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Understanding the BP Blowout and Its Implications

Understanding the BP Blowout and Its Implications

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Published by billwhitefortexas
Bill White explains some basics about well blowouts in deep water and questions that must be answered to minimize the risks of a similar incident in the future.
Bill White explains some basics about well blowouts in deep water and questions that must be answered to minimize the risks of a similar incident in the future.

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Published by: billwhitefortexas on May 04, 2010
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12/16/2012

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Understanding the BP Blowout and Its Implications
 By Bill WhiteYesterday Texas’ Governor referred to an “act of God” when questioned about the blowout on the BP well, and talked about “a big wave coming along at an inopportunetime.” Others who oppose offshore drilling are also claiming humans cannot preventthis kind of catastrophe, and that it is inevitable despite use of the best technology and procedures. These kind of sweeping generalizations are not helpful to determining the path forward for offshore drilling.We all should keep the families of those who lost their lives, and those who are workingnon-stop to contain the spill, in our prayers. I write to explain some basics about well blowouts in deep water and questions that must be answered to minimize the risks of asimilar incident in the future.Everyone in the industry for years has known that the best way to deal with a blowout indeep waters is to prevent it and to have equipment in place on the ocean floor to shut inthe well. Federal and state leadership should require BP, Transocean, and their expertswho have reviewed this situation to make public the details of what happened and the plan and timetable for bringing the well under control.For understandable reasons, most of the public information and planning has centered onefforts to contain the growing oil spill. In the last several days experts working on this
 
 problem have made public several plans to bring the well under control. Many of us believe that successful placement of a subsea containment vessel over one or more of theleaks holds real promise for significantly reducing the flow, although it will requireenormous skill to execute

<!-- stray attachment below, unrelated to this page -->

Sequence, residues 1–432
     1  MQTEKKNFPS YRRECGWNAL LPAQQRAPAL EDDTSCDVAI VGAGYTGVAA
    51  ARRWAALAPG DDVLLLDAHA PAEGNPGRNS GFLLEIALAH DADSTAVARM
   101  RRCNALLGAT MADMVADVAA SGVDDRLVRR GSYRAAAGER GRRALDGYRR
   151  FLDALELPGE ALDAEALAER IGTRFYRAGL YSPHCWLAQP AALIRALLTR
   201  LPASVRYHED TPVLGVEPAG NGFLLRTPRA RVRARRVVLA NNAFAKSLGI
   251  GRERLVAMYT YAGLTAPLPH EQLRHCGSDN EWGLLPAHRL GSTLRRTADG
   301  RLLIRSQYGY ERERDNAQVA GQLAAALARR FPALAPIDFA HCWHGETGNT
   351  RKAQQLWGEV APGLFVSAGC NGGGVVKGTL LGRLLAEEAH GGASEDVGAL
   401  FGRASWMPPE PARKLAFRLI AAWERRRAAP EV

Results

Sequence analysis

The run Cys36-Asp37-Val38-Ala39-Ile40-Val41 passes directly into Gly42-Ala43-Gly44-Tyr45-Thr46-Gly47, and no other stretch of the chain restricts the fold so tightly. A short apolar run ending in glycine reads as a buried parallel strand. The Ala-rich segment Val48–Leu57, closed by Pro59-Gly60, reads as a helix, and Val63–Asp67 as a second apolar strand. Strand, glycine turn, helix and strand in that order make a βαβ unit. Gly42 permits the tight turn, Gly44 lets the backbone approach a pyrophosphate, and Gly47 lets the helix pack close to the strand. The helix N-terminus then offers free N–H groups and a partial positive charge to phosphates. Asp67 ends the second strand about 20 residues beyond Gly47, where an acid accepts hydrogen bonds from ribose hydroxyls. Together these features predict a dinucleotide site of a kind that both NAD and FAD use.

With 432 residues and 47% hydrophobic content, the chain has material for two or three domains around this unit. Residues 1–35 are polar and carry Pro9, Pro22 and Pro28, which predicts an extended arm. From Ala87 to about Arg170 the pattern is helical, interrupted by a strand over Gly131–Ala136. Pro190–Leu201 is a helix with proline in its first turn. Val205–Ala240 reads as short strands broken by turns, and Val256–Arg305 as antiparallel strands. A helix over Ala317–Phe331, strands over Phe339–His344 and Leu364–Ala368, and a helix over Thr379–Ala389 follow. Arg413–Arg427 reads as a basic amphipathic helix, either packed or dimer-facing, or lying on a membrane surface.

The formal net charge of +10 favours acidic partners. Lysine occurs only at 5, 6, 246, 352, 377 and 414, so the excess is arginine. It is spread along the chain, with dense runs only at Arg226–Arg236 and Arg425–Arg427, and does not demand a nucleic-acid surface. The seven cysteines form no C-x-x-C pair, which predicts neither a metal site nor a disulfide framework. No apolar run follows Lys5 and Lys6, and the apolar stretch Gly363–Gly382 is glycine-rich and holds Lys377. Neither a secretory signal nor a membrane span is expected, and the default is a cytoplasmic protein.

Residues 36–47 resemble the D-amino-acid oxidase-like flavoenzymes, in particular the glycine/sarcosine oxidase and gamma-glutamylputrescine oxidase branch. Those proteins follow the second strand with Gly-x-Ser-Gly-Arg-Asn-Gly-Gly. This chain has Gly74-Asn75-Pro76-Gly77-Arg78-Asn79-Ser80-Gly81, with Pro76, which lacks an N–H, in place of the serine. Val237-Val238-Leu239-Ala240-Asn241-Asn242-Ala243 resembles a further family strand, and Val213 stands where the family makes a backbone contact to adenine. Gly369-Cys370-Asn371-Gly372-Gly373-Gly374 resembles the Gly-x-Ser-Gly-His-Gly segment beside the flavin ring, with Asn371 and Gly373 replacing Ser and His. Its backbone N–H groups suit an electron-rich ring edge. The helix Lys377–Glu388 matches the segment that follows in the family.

.
Many good men and women work in the offshore industryand for this company, and no one intended the loss of human life and damage to themarine environment. However, I, and others knowledgeable about the industry havefound insufficient information available about what the responsible companiesnow know concerning the causes of the blowout.Two personal experiences shape my strong belief that we must understand the causes of the blowout to determine how to avoid this situation in the future. First, almost 25 yearsago, a bankruptcy judge and trustee both put me on a team that dealt with one of thelargest onshore blowouts, spewing highly toxic gas. The blowout occurred near Jackson,Mississippi, and the operator was bankrupt, so a new team of experts worked together to bring the well under control after it was a towering inferno for months; I led the groupwhich identified the cause as preventable human error. Second, in the mid-1990s, I ledU.S. Government efforts to begin the closure of the surviving nuclear reactors atChernobyl. Again, we had to identify the causes of the initial failure and release, and itturned out to be a combination of design flaws of the Russian RBMK reactors andegregious human errors. In the first case, the facts showed that sour gas drilling could besuccessfully undertaken with better procedures. In the second, we concluded that thedesign of all of the oldest Soviet reactors posed an enormous risk, and that those reactorsmust be closed.
 
 An expert panel should immediately begin the investigation of what went wrong and howto prevent it, so the public and others can make more informed decisions about the risksof deep offshore drilling.
Blowouts and Well Control
A blowout is an uncontrolled flow of oil and gas, and anything it may bring up with itsuch as water and rock. We find oil and gas deep underground, where the sheer weightof the rock exerts pressure on concentrations of the fluid or gas so it will flow naturally todrilled holes called wells. The industry looks for oil and gas in places where it can flowfrom the pressurized rock into the hole, or “well bore”, and subsequently, to the surface.If the rock is too dense where hydrocarbons are present, then the oil or gas cannotnaturally flow into the well bore and must be stimulated to be economically productive.In the early days of the industry people talked about “gushers” and people celebratedwhen they would experience a big plume of oil spewing out of a completed hole. But asthe whole world’s sensitivity to the environmental risks of hydrocarbon productionincreased, and as people drilled to greater depths, encountering even greater reservoir  pressures, more sophisticated well control technologies were needed to ensure that the oilor gas did not “flow” up the well bore without proper control, assuring that it was safely produced into tanks and processing facilities when it hit the surface.

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